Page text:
This suit was filed on the same day that Wells Fargo petitioned GPSC for a rehearing of its order. We assume this petition was denied. At any rate, exhaustion of available administrative remedies is not a prerequisite to suit under § 1983. See Sparks v. Griffin, 460 F.2d 433, 442 (CA5, 1972); Hobbs v. Thompson, 448 F.2d 456, 461 (CA5, 1971) (dictum). Compare Gibson v. Berryhill, 411 U.S. 564, 575-576, 93 S.Ct. 1689, 1696, 36 L.Ed.2d 488, 497-98 (1973) with id., at 580-581, at 1698-99, 36 L.Ed.2d at 501-02 (Marshall, J., concurring). See also McCray v. Burrell, 516 F.2d 357 (CA4, 1975) (en banc), cert. dismissed as improvidently granted, 426 U.S. 471, 96 S.Ct. 2640, 48 L.Ed.2d 788 (1976)
Wells Fargo could have sought relief from the GPSC order by resort to state court. Ga.Code Ann. § 93-211. As a result, there exist additional questions about the discretion of the federal court to entertain this suit. The district court considered and rejected any possible application of Burford or Pullman abstention. Burford v. Sun Oil Co., 319 U.S. 315, 63 S.Ct. 1098, 87 L.Ed. 1424 (1943); Railroad Comm'n v. Pullman Co., 312 U.S. 496, 61 S.Ct. 643, 85 L.Ed. 971 (1941). We agree that the policies underlying these cases are inapposite here. Also, exhaustion of state judicial remedies is unnecessary in § 1983 cases. Hall v. Garson, 430 F.2d 430, 435-36 (CA5, 1970); Hobbs, supra.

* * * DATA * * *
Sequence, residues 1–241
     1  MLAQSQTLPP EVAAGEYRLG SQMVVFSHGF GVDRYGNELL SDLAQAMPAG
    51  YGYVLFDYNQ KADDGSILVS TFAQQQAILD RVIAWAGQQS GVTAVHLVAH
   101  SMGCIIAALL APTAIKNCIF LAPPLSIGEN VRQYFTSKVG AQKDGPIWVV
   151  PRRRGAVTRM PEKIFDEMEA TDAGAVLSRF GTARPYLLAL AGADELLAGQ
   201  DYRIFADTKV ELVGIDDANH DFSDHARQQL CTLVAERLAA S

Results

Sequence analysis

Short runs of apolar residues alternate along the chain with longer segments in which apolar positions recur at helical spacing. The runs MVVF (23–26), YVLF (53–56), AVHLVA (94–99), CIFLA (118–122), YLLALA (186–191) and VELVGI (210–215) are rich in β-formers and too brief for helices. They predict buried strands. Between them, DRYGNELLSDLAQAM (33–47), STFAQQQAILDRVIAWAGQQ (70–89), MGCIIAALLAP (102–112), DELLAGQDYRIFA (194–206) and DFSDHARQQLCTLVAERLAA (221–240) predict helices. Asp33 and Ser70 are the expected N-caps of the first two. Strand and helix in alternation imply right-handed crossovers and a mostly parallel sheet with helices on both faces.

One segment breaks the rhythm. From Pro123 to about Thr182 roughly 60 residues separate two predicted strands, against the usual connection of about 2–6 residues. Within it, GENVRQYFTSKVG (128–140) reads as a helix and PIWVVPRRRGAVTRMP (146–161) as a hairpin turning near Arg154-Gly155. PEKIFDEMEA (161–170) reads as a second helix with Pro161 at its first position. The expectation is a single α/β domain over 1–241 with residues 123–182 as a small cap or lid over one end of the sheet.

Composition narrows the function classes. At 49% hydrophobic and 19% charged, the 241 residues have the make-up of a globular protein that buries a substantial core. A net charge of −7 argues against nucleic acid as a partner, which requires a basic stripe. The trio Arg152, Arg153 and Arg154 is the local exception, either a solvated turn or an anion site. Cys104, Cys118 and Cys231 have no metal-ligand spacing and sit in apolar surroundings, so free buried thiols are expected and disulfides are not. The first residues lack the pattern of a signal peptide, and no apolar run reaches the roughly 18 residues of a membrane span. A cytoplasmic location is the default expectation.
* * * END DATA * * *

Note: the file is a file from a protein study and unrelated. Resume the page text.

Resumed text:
Much of the argument below concerned the relative applicability of Frost v. Corporation Comm'n, 278 U.S. 515, 49 S.Ct. 235, 73 L.Ed. 483 (1929), vis-a-vis Tennessee Electric and Alabama Power. The issue was whether this case, like Frost, involves licensing of "unlawful" competition, even though here the alleged unlawfulness concerns procedural rather than substantive due process. Although it is difficult here to distinguish between the question of standing to sue and that of the existence of a property right, we believe that these three cases were standing and not due process cases. We view them as articulations of an earlier rule of standing that required not simply "injury in fact" but "legal injury." See 3 K. Davis, Administrative Law Treatise § 22.04, at 217-18 (1958). See also Hardin v. Kentucky Utilities Co., 390 U.S. 1, 5-6, 88 S.Ct. 651, 19 L.Ed.2d 787 (1968). Whatever their continued validity after Association of Data Processing Serv. Organizations, Inc. v. Camp, 397 U.S. 150, 90 S.Ct. 827, 25 L.Ed.2d 184 (1970), and Barlow v. Collins, 397 U.S. 159, 90 S.Ct. 832, 25 L.Ed.2d 192 (1970), they are irrelevant to our decision. Standing is no longer an issue in this case